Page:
Obtaining a pilot certificate allows you to fly an airplane and carry passengers and baggage. Although operating expenses may be equally shared with your passengers, you may not fly for compensation or hire as a private pilot. However, you can fly any airplane you are appropriately rated for to thousands of public airports, day or night.

 If you wish to fly for fun or are taking the first step toward a career as a pilot, there is much for you to learn both on the ground and in the air, but it is not too difficult! If you can ride a bicycle or drive a car, you can probably fly an airplane. 

Steps to Success

It’s fun to learn to fly and earn a pilot certificate. Many people might consider learning to fly beyond their capability or budget, but it is not as difficult, time consuming, or expensive as generally believed. Gleim Aviation goes beyond preparing you to pass the required tests. Coordinated training makes you a safer, more competent pilot, in less time while reducing frustration.

Step 1: Obtain a 3rd Class Medical Certificate

Individuals desiring a private pilot certificate must obtain at least a third-class medical certificate. The FAA medical examination is a routine exam administered by FAA designated doctors called aviation medical examiners (AMEs), who will issue your medical certificate after the exam.

Even if you have a physical handicap, medical certificates can be issued in many cases. Operating limitations may be imposed depending upon the nature of the disability.

Visit the FAA's find an Aviation Medical Examiner (AME) for a listing of AMEs by state and city. Call (800) 874-5346 if you have questions.

Step 2: Obtain a Student Pilot Certificate

Getting a student pilot certificate is one of the first steps toward earning a sport pilot or private pilot certificate. This certificate must be obtained before you are allowed to fly solo.

You must be at least 16 years of age and be able to read, speak, and understand English to receive a student pilot certificate. To apply, you will meet in person with a Flight Instructor, FAA inspector at a local Flight Standards District Office, designated pilot examiner, or airman certificate representative from an approved Part 141 flight school. An application will be processed and sent to the FAA and TSA for review. Upon approval, your student pilot certificate will be mailed.

Step 3: Prepare for and pass the FAA Knowledge Test

The Gleim Online Ground School guarantees you will pass the written exam.

Purchase the Gleim Private Pilot Kit. This kit includes everything you need to study and reference in order to prepare for the FAA Knowledge Test, also known as the written exam. This computerized test has 60 multiple choice questions.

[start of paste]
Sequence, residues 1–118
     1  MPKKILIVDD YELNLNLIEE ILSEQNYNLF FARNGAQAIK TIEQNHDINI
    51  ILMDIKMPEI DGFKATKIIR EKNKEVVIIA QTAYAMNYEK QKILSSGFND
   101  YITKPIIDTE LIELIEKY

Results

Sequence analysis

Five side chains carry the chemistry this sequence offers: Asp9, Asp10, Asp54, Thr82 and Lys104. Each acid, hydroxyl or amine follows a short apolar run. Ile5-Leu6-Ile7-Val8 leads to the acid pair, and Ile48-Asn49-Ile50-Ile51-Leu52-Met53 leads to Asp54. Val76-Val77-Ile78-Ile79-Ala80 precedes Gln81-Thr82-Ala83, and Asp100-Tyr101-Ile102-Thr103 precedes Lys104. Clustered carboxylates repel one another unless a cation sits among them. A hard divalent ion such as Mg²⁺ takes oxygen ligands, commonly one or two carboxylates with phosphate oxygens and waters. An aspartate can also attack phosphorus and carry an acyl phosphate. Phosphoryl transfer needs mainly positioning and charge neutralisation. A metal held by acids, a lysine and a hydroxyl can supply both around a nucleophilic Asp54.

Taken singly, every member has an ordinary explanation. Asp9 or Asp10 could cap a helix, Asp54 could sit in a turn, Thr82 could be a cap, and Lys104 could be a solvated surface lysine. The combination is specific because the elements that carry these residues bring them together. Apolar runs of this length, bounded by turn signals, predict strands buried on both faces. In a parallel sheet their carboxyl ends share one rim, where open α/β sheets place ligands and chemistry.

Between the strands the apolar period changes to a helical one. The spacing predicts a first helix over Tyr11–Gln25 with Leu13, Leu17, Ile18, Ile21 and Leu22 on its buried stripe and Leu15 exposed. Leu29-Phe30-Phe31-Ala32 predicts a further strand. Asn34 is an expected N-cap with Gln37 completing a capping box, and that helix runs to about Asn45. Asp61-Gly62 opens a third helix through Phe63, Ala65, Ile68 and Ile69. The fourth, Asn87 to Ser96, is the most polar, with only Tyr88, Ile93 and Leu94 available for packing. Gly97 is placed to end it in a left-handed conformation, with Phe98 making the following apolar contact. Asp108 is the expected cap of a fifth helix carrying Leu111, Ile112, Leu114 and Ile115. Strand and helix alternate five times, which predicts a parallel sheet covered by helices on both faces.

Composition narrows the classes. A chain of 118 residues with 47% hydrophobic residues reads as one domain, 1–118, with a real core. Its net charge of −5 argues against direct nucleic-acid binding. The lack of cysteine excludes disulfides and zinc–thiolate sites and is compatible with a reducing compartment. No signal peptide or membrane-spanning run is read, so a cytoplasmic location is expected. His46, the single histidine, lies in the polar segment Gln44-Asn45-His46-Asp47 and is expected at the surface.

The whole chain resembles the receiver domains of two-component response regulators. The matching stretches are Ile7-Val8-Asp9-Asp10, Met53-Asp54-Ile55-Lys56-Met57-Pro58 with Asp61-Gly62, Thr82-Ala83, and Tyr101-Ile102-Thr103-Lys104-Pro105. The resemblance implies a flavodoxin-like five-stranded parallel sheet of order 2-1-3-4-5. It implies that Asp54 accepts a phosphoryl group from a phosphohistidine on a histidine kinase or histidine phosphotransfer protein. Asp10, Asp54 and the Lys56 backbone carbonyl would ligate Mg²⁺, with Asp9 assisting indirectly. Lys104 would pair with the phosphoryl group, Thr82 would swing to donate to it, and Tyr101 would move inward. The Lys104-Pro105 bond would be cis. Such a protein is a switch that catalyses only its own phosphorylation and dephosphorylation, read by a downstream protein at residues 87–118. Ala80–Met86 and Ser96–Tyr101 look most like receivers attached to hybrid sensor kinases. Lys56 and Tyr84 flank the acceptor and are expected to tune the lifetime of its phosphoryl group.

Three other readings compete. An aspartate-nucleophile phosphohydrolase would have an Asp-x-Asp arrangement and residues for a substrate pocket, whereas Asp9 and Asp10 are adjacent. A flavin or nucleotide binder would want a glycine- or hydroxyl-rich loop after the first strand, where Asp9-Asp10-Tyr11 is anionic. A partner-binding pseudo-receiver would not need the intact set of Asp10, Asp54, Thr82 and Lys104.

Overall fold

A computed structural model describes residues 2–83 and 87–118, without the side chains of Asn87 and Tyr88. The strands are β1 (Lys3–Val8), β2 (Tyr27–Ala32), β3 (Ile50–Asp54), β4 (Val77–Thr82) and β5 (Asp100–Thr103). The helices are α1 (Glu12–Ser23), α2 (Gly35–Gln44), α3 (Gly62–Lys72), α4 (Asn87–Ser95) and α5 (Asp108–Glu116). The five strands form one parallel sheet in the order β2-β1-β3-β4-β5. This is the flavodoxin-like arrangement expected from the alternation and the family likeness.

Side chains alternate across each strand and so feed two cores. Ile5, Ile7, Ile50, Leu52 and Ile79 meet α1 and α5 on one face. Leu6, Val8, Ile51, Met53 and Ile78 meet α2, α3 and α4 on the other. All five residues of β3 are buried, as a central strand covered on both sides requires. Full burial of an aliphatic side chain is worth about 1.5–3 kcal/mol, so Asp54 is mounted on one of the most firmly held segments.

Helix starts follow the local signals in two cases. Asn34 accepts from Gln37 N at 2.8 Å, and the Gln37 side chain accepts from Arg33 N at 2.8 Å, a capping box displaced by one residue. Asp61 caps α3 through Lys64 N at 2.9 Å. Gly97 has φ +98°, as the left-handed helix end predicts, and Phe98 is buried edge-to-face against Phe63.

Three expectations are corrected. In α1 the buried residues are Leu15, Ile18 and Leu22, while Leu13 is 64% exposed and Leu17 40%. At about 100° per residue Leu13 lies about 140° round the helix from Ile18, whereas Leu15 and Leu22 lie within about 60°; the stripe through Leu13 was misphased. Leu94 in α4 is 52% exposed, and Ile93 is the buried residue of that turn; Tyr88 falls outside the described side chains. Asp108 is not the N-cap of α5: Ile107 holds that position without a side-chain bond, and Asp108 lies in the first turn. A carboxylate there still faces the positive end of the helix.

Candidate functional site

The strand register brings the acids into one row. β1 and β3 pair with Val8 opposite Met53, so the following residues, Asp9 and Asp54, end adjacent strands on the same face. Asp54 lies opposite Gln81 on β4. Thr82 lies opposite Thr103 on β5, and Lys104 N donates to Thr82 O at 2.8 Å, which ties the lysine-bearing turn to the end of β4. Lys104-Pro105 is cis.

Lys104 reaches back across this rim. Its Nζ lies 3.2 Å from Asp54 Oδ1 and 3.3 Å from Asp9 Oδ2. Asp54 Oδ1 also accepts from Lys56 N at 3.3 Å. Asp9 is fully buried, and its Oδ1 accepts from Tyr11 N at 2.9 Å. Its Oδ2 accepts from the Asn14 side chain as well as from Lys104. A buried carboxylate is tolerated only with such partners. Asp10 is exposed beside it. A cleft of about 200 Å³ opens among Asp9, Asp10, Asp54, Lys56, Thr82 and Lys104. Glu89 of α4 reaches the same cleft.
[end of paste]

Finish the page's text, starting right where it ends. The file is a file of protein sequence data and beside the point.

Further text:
Online Ground School: Private Pilot

Learn the material quickly with the Gleim Online Ground School. This course guarantees you will pass the written exam. It is included with Our Deluxe Private Pilot Kit.

Deluxe Private Pilot Kit with Online Ground School

The Gleim Deluxe Private Pilot Kit is an all-in-one program designed to expedite training for the Private Pilot certificate. 

Step 4: Choose a Flight School

Visit several flight schools, if more than one is available, to talk to flight instructors about flight lessons. Visit our CFI Directory to locate a CFI near you. Alternatively, look for aircraft schools, airplane instruction, aircraft sales, airports, etc., online, or in the Yellow Pages. Indicate that you are interested in taking flight lessons to become a sport pilot.

It is important to choose a flight instructor with whom you will feel comfortable. This may be difficult to determine after only a short meeting or introductory flight; however, you will certainly learn more when you are ready to learn and comfortable with the learning environment. Speak with several instructors. While there are no perfect answers, the following questions should be asked. The objective of these questions is to gain insight into the flight instructor's personality.

Learn more about OGS 141 here. 

Questions to ask a flight school or flight instructor

question_mark_circleDo you instruct part time or full time?

This information concerns availability only. Part time does not imply less proficiency or less availability.

 

question_mark_circleAsk to see the instructor's syllabus.

Compare it to your Gleim Pilot Syllabus.

 

question_mark_circleHow long does your average student take to solo?

Note that the flight instructor who solos his/her students in the least or most amount of time may not necessarily be the best instructor.

 

question_mark_circle    How many total hours of solo and dual flight do your typical students require?
 
question_mark_circle     Ask about a typical lesson.

 

question_mark_circle     Ask about their time commitment.

 

question_mark_circle  Where do you recommend that I take my pilot knowledge and practical tests?

  Ask about the estimated costs as well.

 

question_mark_circle     What are the solo and dual rental costs for your training aircraft?

 

question_mark_circle     What are the flight instructors' schedules and the schedule of available aircraft?

 

question_mark_circle     What are your instruction costs?

 

question_mark_circle     Do you have an introductory flight for a nominal fee?  May I take it with no further obligation?

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Once you begin your pilot training, purchase a local sectional chart, a chart supplement, and a copy of your airplane's Pilot Operating Handbook (POH).

Make sure that the CFI is familiar with Gleim pilot training materials (the books with the red covers) and is enthusiastic about using them.

If you encounter hesitation, call (800) 874-5346.

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Step 5: Make a Plan

Now go fly!

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